"Then I told him that there was not one text with even a hint of any change of the Sabbath from the seventh to the first day of the week in honor of the resurrection. There are only six texts that speak of the first day in connection with the resurrection (Matthew 28:1; Mark 16:2, 9; Luke 24:1; John 20:1, l9) and all these are glaringly plain that Christ was crucified and buried on the preparation day before the Sabbath, which all Christians now recognize as being Friday, that He lay in the grave over the next day Sabbath, and rose the next day, Sunday; that the first day begins after the Sabbath ends and that the Sabbath is between Friday and Sunday. And these gospel records were written from six to sixty-three years after the resurrection, and not a semblance in them of any change or any honor being placed on the first day of the week. They emphasized Sunday only because it was the third day after His death, and He had prophesied that He would rise the third day; and they wanted to show that that prophecy was fulfilled.
          "Sam said that Christ always met with His disciples on Sunday after the resurrection. I pointed out that He met with them only three times when we are told which day of the week it was. The first was the day of His rising and of course He would meet with them then to announce and prove His return, and it had no significance as to a Sabbath; the next time was ‘after eight days,’ which very evidently could not have been the next Sunday, when the week has only seven days; and the next time was the ascension day forty days after the resurrection, which a little arithmetic will show could not have been Sunday.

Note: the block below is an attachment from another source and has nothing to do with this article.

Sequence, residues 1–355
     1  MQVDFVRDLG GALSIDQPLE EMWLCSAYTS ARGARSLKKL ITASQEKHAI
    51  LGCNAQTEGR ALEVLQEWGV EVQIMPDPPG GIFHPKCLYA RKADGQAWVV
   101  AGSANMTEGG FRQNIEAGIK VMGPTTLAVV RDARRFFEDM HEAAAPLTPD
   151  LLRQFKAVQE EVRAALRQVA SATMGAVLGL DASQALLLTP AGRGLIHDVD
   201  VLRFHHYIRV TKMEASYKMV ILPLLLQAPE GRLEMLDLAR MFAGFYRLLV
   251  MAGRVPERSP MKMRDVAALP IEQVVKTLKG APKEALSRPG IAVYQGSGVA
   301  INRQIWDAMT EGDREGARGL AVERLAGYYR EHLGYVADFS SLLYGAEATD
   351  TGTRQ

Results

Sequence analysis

"As to the example of the disciples themselves, one time after the resurrection they went fishing on the day they met with Christ, which could not therefore have been a rest day recognized by them (John 21:1-9). They met in an upper room on the very day of the resurrection, but ‘for fear of the Jews’ and because they all lived there (John 20:19; Acts 1:13); not to celebrate the resurrection, because at that time they did not believe that He had risen (Mark 16:9-14).
          "Then Sam turned to Acts 20:7 as his strong text. You remember it says that when the disciples came together to break bread, Paul preached to them; and this was the first day of the week. I argued that the breaking of bread meant nothing special, for it was the custom then to break bread daily (Acts 2:46), and whether this was communion or not, it was not always done on the first day. And nothing is said about this first day being holy. Paul met then with them because it happened to be his last day with them, as he was on a journey. If simply meeting with people for a religious service makes the day a sabbath, then Paul must have made some of the other week days sabbaths, for a reading of the account of his journeys shows that he preached whenever it was convenient (Acts 20:13-18).

Chapter 2 - part 4